“Film Programme Selected by Beatrice Gibson”

Herb Shellenberger

April 5, 2017
Laura Bartlett Gallery, London
March 18–26, 2017

From the darkness, a bright, circular spotlight illuminates a theater curtain. Searching intermittently along its folds, the light traces paths which uncover crimson underneath deep black. The curtain finally pulls upward revealing a moon of bright white.

The opening images of Mary Helena Clark’s By foot-candle light (2011) present viewers with a prototypical symbol of cinema-going, a moment of anticipation not typically found in a venue like London’s Laura Bartlett Gallery, with its white walls and light-leaking windows. Clark’s video is shown in an exhibition consisting of a single daily projection of five moving image works selected by British artist-filmmaker Beatrice Gibson. Though not a curator, like many artists working with moving images, Gibson has occasionally been put into the role of selecting films to show alongside her works. Previous instances of this have comprised combinations of the work of artist peers (like Clark and Laida Lertxundi) and important influences (Tony Conrad and William Greaves). This exhibition, under the framework of research-in-progress for upcoming films, functions in much the same way, and displays an understated yet impressive curatorial cohesion while at the same time being beholden to the peculiarities of transposing a cinematic presentation to a commercial gallery.

“Go on, look at me. I’ll kill you. Look at my eyes. Sometimes I stand in front of the mirror and my eyes get bigger and bigger.”

Evokation of My Demon Sister (2002) by Ellen Cantor is a short video that can be taken to represent Gibson’s program in whole: nostalgic yet contemporary films and videos that exorcise previously made materials through acts of ritual, trance, and hypnosis. An example of this détournement in Cantor’s work occurs as actress Christine Noonan delivers the above dialogue from Lindsay Anderson’s teenage rebellion film If… (1968). Simultaneously we see a montage of clips from Brian De Palma’s Carrie (1976)—Sissy Spacek’s title character shatters a mirror with her gaze, causes a fatal car crash, and summons flames that engulf the stage of her senior prom—while Mick Jagger’s caustic synthesizer loop from Kenneth Anger’s Invocation of My Demon Brother (1969) plays over the top. Cantor’s Evokation reacts against Anger’s phallocentric work, harnessing its satanic energy toward a reclamation of the trope of the female hysteric. Showed consecutively on a single screen, the sequencing of the works functioned in a different way than if they were all separate, looping projections that viewers came to at their individual pace. Connections are made in sequence and each of them flows into the next. Cantor’s Evokation begins with the moon, calling back to Clark’s white spotlight, and ends with a mass of flames, a fire which roars through the first sequence of Michael Robinson’s 2013 video The Dark, Krystle.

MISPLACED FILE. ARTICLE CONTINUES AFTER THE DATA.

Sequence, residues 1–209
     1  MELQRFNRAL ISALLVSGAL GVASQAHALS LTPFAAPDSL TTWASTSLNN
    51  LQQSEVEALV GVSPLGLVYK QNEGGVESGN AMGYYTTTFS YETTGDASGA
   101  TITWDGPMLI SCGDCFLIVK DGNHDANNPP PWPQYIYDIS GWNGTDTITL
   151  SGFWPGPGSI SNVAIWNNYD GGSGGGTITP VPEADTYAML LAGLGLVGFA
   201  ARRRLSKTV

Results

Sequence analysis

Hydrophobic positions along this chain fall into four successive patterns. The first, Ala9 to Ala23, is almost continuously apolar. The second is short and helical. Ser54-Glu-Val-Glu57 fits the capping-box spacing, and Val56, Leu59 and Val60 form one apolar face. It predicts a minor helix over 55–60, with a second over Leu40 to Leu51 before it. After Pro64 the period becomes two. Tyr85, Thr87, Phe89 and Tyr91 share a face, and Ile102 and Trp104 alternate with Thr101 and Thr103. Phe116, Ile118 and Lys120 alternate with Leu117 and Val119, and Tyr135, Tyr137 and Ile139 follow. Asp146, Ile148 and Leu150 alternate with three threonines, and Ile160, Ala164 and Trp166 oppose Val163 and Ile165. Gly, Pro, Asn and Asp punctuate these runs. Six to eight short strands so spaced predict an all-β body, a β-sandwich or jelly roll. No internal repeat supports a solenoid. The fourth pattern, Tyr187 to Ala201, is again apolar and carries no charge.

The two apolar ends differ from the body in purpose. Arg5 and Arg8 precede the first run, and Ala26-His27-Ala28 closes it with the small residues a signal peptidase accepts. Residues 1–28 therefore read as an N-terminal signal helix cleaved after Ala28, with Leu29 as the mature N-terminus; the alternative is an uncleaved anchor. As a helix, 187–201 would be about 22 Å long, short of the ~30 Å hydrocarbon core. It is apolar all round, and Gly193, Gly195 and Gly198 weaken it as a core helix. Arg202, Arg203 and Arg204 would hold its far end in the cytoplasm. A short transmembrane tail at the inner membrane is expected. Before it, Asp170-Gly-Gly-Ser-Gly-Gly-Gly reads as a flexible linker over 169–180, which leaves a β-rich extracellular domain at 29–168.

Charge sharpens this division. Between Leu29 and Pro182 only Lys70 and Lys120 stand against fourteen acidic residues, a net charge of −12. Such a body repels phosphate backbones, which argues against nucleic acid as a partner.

“There was a fire in the cabin…I tried to leave but the door was locked. I died in that fire. I don’t know who I am.”

The Dark, Krystle, which reimagines the popular 1980s television series Dynasty as a baroque, melodrama-tinged Euro-horror film, harnesses the latent dramatic energy of its female actresses/characters towards a new spectral end. Robinson, Cantor, and Basma Alsharif’s works utilize dark, usually unforeseen energies in a hauntological manner from images, sounds, or—in the case of Alsharif, whose video Deep Sleep (2014) shows architectural ruins in Malta, Greece, and Gaza—places. That this screening represents a body of research for Gibson’s two upcoming 2018 film works—one of which is an adaptation of an unrealized Gertrude Stein film script—suggests that these spectral energies are not only to be read aesthetically but toward the task of realizing a project with unfulfilled potential. Thus, the inclusion of Anger’s Invocation represents not only an ur-text, a genuinely satanic experience while the other works reach toward it, but also a career of half-realized projects, lost films and production nightmares that stand against the sanguine Magick Lantern Cycle works which he did accomplish. By putting this group of works into a public discourse through the form of an exhibition, Gibson suggests some of their techniques as potential avenues toward her works in progress, creative approaches to adaptation, or possibilities that hypnagogic re-imaginings of older texts can enable.

A walk through an ancient, crumbling temple, the filmmaker dressed in white and holding a microphone leads to a violent yellow/blue flicker. The perspective shifts to a first-person view of the filmmaker’s body emerging from repose on an ocean cliff. She stretches her hand in front of the camera, touching the horizon with her finger, causing a flash frame to transport her to another location.

The program raises familiar issues around the slippage between black box and white cube. The 45-minute screening, exhibited with excellent projection and sound, was shown once daily at 4 p.m., with ample light leaking into the viewing area. One wonders if it might have had a different impact as an event in one of London’s many cinema spaces for artists’ film, or how the program functions as a modest, non-profitmaking project in a commercial gallery. The trade-offs—free admission but limited showings, excellent image and sound but a light that washes out the picture—can be overlooked in a screening that teems with darkly affective potential.


Curating, Rituals & Celebrations, The Occult & Mysticism, Ghosts & Spirits

Herb Shellenberger is a curator, writer, DJ, and postal worker based in suburban Pennsylvania.

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Laura Bartlett Gallery
April 5, 2017

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